Watch the next part of the video. Then read and learn about Trafalgar Square and Westminster Abbey.
(Noskaties nākamo video daļu! Tad lasi un mācies par Trafalgāra laukumu un Vestminsteras abatiju!)
- Trafalgar Square
Trafalgar Square is a public square in the City of Westminster, Central London, built around the area formerly known as Charing Cross. Its name commemorates the Battle of Trafalgar, the British naval victory in the Napoleonic Wars over France and Spain that took place on 21 October 1805 off the coast of Cape Trafalgar.
The site of Trafalgar Square had been a significant landmark since the 13th century and originally contained the King's Mews. After George IV moved the mews to Buckingham Palace, the area was redeveloped by John Nash, but progress was slow after his death, and the square did not open until 1844. The 52-metres Nelson's Column at its centre is guarded by four lion statues.
The square has been used for community gatherings and political demonstrations, including Bloody Sunday in 1887. A Christmas tree has been donated to the square by Norway since 1947 and is erected for twelve days before and after Christmas Day. The square is a centre of annual celebrations on New Year's Eve.
Trafalgar Square — [ˈtrəˈfælɡər.skweər] — Trafalgāras laukums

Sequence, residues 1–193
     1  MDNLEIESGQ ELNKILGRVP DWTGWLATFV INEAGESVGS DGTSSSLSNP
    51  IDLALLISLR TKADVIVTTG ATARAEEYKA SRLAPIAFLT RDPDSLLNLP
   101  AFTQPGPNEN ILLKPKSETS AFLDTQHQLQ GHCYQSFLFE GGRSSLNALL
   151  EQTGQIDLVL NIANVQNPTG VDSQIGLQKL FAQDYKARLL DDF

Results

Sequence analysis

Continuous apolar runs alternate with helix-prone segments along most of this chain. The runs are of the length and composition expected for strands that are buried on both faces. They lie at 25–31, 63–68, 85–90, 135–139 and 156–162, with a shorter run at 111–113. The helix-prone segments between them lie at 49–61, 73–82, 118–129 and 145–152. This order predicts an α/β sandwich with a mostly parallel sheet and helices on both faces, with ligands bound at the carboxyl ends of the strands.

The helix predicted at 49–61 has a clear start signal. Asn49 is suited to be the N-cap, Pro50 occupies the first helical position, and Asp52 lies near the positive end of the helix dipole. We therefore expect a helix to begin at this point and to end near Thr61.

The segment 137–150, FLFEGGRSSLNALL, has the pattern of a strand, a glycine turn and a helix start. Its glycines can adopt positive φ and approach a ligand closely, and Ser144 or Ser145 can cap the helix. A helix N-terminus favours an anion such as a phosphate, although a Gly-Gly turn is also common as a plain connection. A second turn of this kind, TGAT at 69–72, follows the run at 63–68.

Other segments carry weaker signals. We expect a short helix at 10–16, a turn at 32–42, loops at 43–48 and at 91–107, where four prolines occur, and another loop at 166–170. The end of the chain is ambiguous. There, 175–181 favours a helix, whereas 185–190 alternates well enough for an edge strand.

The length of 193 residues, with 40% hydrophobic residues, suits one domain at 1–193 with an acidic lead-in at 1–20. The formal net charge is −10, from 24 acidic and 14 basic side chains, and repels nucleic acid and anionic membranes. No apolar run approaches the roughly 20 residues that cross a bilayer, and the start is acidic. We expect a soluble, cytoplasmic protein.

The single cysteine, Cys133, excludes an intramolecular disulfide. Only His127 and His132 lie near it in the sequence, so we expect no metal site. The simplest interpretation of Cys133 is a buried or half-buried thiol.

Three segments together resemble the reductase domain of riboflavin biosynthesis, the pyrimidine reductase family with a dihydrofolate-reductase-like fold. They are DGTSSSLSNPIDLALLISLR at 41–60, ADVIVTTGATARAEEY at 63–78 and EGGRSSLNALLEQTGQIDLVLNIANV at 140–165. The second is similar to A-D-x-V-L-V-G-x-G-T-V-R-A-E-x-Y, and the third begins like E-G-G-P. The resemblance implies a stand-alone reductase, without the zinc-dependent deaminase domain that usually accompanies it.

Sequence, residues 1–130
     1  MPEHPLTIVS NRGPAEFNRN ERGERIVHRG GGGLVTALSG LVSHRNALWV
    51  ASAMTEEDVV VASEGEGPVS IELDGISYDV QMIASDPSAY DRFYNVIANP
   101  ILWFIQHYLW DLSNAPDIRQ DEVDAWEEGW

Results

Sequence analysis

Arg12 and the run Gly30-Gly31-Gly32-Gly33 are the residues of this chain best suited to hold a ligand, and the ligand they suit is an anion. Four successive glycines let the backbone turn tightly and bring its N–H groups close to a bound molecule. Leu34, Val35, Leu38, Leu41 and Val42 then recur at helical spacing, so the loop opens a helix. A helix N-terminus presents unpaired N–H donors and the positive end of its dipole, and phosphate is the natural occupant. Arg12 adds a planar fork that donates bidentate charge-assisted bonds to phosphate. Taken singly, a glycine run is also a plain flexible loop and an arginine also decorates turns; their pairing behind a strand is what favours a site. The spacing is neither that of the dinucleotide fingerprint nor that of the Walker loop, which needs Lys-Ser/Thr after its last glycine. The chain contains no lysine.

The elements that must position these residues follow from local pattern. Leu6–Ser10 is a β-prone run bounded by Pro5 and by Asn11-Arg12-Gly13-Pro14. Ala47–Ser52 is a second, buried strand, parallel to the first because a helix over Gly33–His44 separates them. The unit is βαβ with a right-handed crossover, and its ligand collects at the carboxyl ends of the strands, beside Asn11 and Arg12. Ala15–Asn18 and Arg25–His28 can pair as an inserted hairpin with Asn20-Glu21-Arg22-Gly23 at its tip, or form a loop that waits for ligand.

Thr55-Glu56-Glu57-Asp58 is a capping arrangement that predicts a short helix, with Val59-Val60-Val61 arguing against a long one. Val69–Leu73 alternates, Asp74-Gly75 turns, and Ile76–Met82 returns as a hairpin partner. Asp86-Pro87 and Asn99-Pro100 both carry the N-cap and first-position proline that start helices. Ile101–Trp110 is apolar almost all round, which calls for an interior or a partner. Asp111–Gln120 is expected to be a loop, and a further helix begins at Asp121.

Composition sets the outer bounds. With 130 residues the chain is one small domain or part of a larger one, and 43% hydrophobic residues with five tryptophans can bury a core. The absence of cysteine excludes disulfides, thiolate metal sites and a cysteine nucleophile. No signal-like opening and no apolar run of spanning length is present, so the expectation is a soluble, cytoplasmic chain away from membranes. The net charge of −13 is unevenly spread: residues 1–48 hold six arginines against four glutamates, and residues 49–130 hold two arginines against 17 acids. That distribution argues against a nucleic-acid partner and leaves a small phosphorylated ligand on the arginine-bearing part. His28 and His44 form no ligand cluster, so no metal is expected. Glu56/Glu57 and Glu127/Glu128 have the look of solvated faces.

Nelson's Column — [ˈnel.sʌnsˈkɒl.əm] — Nelsona kolona
- Westminster Abbey
Westminster Abbey, formally titled the Collegiate Church of Saint Peter at Westminster, is a large, mainly Gothic abbey church in the City of Westminster, London, England, just to the west of the Palace of Westminster. It is one of the United Kingdom's most notable religious buildings and the traditional place of coronation and burial site for English and, later, British monarchs. The building itself was a Benedictine monastic church until the monastery was dissolved in 1539. Between 1540 and 1556, the abbey had the status of a cathedral. Since 1560, the building is no longer an abbey or a cathedral, having instead the status of a Church of England "Royal Peculiar" – a church responsible directly to the sovereign.
According to a tradition first reported by Sulcard in about 1080, a church was founded at the site in the seventh century, at the time of Mellitus, a Bishop of London. Construction of the present church began in 1245, on the orders of King Henry III.
Since the coronation of William the Conqueror in 1066, all coronations of English and British monarchs have been in Westminster Abbey. There have been 16 royal weddings at the abbey since 1100. As the burial site of more than 3,300 persons, usually of prominence in British history (including at least sixteen monarchs, eight Prime Ministers, poets laureate, actors, scientists, military leaders, and the Unknown Warrior), Westminster Abbey is sometimes described as 'Britain's Valhalla', after the iconic burial hall of Norse mythology.
Westminster Abbey — [westˈmɪn.stərˈæb.i] — Vestminsteras Abatija